South Plugins in C

South plugins written in C/C++ are no different in use to those written in Python, it is merely a case that they are implemented in a different language. The same options of polled or asynchronous methods still exist and the enduser of FogLAMP is not aware in which language the plugin has been written.

Polled Mode

Polled mode is the simplest form of South plugin that can be written, a poll routine is called at an interval defined in the plugin advanced configuration. The South service determines the type of the plugin by examining the mode property in the information the plugin returns from the plugin_info call.

Plugin Poll

The plugin poll method is called periodically to collect the readings from a poll mode sensor. As with all other calls the argument passed to the method is the handle returned by the plugin_init call, the return of the method should be a Reading instance that contains the data read.

The Reading class consists of

Property Description
assetName The asset key of the sensor device that is being read
userTimestamp A timestamp for the reading data
datapoints The reading data itself as a set if datapoint instances

More detail regarding the Reading class can be found in the section C++ Support Classes.

It is important that the poll method does not block as this will prevent the proper operation of the South microservice. Using the example of our simple DHT11 device attached to a GPIO pin, the poll routine could be:

/**
 * Poll for a plugin reading
 */
Reading plugin_poll(PLUGIN_HANDLE *handle)
{
        DHT11 *dht11 = (DHT11*)handle;
        return dht11->takeReading();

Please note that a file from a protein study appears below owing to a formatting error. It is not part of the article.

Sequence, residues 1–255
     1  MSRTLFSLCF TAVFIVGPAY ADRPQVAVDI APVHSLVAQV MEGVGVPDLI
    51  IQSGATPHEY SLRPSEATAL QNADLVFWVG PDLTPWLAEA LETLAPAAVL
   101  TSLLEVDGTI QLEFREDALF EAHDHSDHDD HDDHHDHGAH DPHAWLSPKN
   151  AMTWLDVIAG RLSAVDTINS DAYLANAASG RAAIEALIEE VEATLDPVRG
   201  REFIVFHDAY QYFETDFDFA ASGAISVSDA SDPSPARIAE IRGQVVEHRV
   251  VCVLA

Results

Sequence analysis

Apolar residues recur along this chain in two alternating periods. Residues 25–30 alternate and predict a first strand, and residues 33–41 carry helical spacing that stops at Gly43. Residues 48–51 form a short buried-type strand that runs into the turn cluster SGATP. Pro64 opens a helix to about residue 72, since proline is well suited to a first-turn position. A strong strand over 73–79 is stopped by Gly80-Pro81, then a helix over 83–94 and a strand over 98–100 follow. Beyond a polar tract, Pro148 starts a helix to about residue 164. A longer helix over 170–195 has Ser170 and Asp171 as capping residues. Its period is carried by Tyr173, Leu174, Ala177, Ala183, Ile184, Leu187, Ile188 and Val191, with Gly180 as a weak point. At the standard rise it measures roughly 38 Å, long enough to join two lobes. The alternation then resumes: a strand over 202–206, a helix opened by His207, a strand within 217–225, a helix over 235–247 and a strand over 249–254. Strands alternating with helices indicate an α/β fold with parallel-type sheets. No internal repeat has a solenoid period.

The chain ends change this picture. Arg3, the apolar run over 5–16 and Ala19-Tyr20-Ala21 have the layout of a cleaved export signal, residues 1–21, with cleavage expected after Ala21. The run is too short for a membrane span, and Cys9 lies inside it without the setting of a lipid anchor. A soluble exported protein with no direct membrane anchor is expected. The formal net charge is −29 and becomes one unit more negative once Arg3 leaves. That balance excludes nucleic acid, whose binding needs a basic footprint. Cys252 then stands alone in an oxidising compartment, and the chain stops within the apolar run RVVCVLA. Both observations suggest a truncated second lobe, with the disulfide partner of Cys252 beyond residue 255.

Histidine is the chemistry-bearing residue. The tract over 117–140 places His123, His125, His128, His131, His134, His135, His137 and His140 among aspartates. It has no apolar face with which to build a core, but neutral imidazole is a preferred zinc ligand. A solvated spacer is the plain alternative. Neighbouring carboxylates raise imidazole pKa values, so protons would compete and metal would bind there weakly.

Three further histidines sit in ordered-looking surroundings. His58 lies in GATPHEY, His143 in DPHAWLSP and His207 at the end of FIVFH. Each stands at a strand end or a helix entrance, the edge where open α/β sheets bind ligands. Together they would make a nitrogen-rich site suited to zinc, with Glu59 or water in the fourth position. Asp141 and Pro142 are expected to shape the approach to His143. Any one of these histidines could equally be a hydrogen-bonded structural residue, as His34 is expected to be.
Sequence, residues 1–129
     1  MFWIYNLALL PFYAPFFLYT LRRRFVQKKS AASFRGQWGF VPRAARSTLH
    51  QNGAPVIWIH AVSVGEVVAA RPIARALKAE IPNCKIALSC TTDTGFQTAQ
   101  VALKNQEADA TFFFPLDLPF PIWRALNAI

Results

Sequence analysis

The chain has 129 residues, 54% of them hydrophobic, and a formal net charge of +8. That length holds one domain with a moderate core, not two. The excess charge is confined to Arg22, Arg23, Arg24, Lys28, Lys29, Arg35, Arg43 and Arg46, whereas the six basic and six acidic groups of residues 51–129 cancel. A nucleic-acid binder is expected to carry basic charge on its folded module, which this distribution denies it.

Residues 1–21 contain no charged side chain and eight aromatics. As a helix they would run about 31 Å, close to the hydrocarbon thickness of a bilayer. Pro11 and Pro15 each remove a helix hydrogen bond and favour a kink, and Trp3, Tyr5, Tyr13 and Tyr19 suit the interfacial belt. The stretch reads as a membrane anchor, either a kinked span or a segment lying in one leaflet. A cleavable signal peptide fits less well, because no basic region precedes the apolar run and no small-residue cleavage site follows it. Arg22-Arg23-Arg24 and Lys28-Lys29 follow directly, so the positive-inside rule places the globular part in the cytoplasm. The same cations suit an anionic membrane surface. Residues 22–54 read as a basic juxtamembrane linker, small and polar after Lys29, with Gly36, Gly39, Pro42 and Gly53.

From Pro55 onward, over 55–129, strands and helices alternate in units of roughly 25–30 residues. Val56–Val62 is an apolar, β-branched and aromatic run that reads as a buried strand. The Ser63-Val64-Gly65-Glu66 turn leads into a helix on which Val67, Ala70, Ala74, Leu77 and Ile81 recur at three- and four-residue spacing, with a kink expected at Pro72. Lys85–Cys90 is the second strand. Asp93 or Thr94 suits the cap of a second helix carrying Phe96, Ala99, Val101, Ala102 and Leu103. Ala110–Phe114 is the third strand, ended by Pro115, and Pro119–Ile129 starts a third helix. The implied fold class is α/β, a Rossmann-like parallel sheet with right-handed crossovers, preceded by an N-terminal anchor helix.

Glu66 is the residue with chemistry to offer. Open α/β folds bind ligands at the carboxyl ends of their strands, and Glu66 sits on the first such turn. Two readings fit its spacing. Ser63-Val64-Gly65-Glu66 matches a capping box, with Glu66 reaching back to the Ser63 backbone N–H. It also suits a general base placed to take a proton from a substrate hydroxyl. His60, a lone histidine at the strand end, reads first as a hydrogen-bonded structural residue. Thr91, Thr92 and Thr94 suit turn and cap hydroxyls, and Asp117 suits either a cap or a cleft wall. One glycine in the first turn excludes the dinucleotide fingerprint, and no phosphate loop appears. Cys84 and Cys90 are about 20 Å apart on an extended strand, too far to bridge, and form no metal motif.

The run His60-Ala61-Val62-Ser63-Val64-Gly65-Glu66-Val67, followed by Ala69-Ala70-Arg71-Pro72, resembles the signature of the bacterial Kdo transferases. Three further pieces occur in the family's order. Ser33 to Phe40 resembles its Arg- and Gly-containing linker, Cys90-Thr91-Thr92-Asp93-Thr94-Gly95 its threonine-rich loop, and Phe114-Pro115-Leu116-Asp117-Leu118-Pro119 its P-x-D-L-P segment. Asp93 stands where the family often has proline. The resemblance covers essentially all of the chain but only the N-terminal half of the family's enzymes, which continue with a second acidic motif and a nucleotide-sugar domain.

}

Where our DHT11 class has a method takeReading as follows

/**
 * Take reading from sensor
 *
 * @param firstReading   This flag indicates whether this is the first reading to be taken from sensor,
 *                       if so get it reliably even if takes multiple retries. Subsequently (firstReading=false),
 *                       if reading from sensor fails, last good reading is returned.
 */
Reading DHT11::takeReading(bool firstReading)
{
        static uint8_t sensorData[4] = {0,0,0,0};

        bool valid = false;
        unsigned int count=0;
        do {
                valid = readSensorData(sensorData);
                count++;
        } while(!valid && firstReading && count < MAX_SENSOR_READ_RETRIES);

        if (firstReading && count >= MAX_SENSOR_READ_RETRIES)
                Logger::getLogger()->error("Unable to get initial valid reading from DHT11 sensor connected to pin %d even after %d tries", m_pin, MAX_SENSOR_READ_RETRIES);

        vector<Datapoint *> vec;

        ostringstream tmp;
        tmp << ((unsigned int)sensorData[0]) << "." << ((unsigned int)sensorData[1]);
        DatapointValue dpv1(stod(tmp.str()));
        vec.push_back(new Datapoint("Humidity", dpv1));

        ostringstream tmp2;
        tmp2 << ((unsigned int)sensorData[2]) << "." <<  ((unsigned int)sensorData[3]);